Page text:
The Moody track provided an easy hike for a few miles back to the car to complete another great and varied loop hike!
Thursday 6th October 2016 We planned to do a canyon loop around the Escalante river again but in a new area to us which we hoped would visit some of the finest scenery in the south west. In 2014 we visited the southern end of the Escalante river via Halls creek, Steven’s Canyon,Coyote Gulch and Hurricane as part of our Hayduke hike. This time we aimed to link up canyons to the north including Neon with it’s photogenic Golden Cathedral.
After coffee in the Burr Trail Outpost in Boulder, we drove along the super scenic Burr Trail for about 30 miles before turning south 10 miles down the Wolverine Loop Road on the east side. The road was a bit bumpy in places but we made it to a junction about 3 miles short of the hiking trailhead for Silver Falls Creek amidst big wide open vistas dotted with sage and pinyon-juniper. Here we sorted our gear out for 4 days and set off on foot down Silver Falls creek. We firstly followed a dusty jeep track to the actual trailhead for about an hour and from then just continued down the mostly dry stream bed surrounded by the colourful Chinle and Wingate rock formations.
The sun was penetrating but the air was cold making for great hiking conditions. As we descended the canyon walls gradually closed in and meandered with the steep clean red wingate cliffs surrounding us. Although cross country, the hiking was pretty mellow following the canyon- allowing us to gaze upwards at the alcoves and streaked rock.
Some water appeared in the canyon floor from springs before we reached the greenery of the fast flowing Escalante river itself. We got lost a bit in the deep willow shrubbery before wading through the river to find Harris Wash on the other side. Lot’s of fresh looking flood debris around here made for tougher hiking but we eventually found a comfy flat sand bench above Harris Wash to pitch the tent….
Friday 7th October 2016 A cold starry night and also a smelly one! We had a skunk pass by the tent during the night but by morning the smell had subsided (or maybe we had just got used to it!).
We left the tent pitched and explored up Harris Wash for the morning. Starting out, we waded up the calf deep wash which had frigidly cold water and it took a couple of hours before the sun crept over the canyon walls and warmed us up. The flood debris made for slow going but Harris had some superb deep alcoves and colourful walls. We didn’t see anyone here and only saw two other pairs of hikers in the four days we were out despite Harris in particular being described as a popular canyon.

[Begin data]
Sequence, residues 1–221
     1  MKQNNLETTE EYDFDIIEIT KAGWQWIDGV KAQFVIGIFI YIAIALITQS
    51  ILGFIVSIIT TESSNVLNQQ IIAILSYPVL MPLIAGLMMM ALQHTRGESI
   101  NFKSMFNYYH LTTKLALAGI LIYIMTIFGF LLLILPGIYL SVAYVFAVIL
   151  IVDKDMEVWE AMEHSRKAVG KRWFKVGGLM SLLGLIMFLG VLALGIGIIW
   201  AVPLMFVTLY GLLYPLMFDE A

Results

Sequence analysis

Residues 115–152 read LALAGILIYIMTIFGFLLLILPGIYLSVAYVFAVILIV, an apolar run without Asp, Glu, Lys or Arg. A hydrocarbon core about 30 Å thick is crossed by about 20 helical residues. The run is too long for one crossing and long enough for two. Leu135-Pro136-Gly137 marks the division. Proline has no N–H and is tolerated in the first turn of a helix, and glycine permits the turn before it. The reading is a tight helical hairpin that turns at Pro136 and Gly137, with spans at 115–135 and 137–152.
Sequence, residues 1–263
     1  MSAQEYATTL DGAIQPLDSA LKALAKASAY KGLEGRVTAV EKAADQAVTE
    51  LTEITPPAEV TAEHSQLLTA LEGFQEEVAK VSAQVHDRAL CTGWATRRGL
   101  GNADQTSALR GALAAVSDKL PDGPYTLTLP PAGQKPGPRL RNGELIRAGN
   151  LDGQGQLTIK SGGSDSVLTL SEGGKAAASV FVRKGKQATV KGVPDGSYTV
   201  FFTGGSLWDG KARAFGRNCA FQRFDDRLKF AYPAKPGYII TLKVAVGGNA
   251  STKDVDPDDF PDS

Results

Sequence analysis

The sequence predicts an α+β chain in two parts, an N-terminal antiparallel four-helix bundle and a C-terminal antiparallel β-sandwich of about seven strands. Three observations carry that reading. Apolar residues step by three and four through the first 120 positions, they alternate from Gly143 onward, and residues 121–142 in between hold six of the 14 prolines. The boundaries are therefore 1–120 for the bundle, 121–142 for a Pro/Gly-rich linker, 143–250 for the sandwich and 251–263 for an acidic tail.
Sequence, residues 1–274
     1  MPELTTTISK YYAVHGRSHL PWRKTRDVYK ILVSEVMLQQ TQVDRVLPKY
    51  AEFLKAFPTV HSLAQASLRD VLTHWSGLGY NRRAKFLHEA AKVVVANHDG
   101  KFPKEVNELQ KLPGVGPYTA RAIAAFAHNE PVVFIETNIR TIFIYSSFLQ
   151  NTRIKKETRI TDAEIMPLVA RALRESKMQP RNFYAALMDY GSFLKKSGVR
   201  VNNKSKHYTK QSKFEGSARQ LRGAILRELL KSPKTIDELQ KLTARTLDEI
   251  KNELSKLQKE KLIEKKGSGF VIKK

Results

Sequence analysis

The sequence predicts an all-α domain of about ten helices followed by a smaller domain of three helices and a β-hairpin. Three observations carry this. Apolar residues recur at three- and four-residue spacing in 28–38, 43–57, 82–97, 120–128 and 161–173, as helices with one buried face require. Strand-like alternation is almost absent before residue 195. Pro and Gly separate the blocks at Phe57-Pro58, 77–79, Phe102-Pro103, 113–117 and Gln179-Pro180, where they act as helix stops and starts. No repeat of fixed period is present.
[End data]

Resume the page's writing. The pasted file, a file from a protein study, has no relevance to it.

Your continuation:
Every canyon in this region has it’s own character- depending on the different rock layers, the steepness of the canyon, the amount of water, the size of the water catchment, the amount of sun exposure amongst many factors. It does make for incredibly interesting hiking as the view changes at every meander bend and there are constant surprises to be found!
We saw some wild turkey on the river banks but our main feathered companions were ravens -soaring above us with their shadows flickering across the canyon walls.
We found a side spring with fresh water coming in from a side canyon on the south side of Harris. Here we tried to climb out of the canyon here on grainy slickrock but we gave up due to the slippy rock and the lack of holds! A raven monitored our progress…..
Soon after, we turned around and returned back to our tent for a mid afternoon lunch. The water and air temperature had warmed up making the return more relaxing. Our plan next was to pack up the tent and hike / wade down the Escalante river towards a side canyon called Choprock to camp there.
The Escalante river had a much larger volume than Harris and we had to criss- cross many times in thigh deep water. But it didn’t cause many difficulties despite the steep muddy river banks. Between crossings we hiked most easily on sage brush flats with faint trails and with more difficulty through willow and tamarisk scrub. The canyon here was roughly 500 meters wide and with deep red walls and autumnal cottonwoods it looked great.
We followed some big cat trails for a while, and it looked to us that it might be mountain lion- and quite fresh at that.
Eventually we made it down to Choprock canyon at around 6pm and set up camp in a pleasant open spot next to our ever present cottonwood friends!
Sunday 2nd October 2016 After returning from our hike down the Paria river we thought we would sample the canyons and slickrock plateau in the Escalante area of southern Utah with a short 2.5 day backpack straight out of Escalante town itself.
We descended down to the Escalante river from the trailhead at around 4pm in hot sun but soon found cool shade at the river amidst beautiful autumnal cottonwood trees.
The Escalante was lusher, greener and a little less severe than the Paria river and the contrast felt good. We hiked downriver easily with some good trail mixed with crossings of the calf deep water. After about an hour we came across a huge alcove with a striking set of white pictographs with real size figures. A park service ammo box beside the rock art contained information leaflets and warned against touching the art to prevent it being damaged. It dated the rock art at 2000 years old and the location inside the massive cave was wonderful.
We hiked on a bit, splashing down the river before finding a pleasant riverside campsite. Another clear starry night above between the canyon walls was broken by constant flashes of distant lightning somewhere and some gusty winds. We had a night of broken sleep imagining another flash flood like last week’s in the Paria!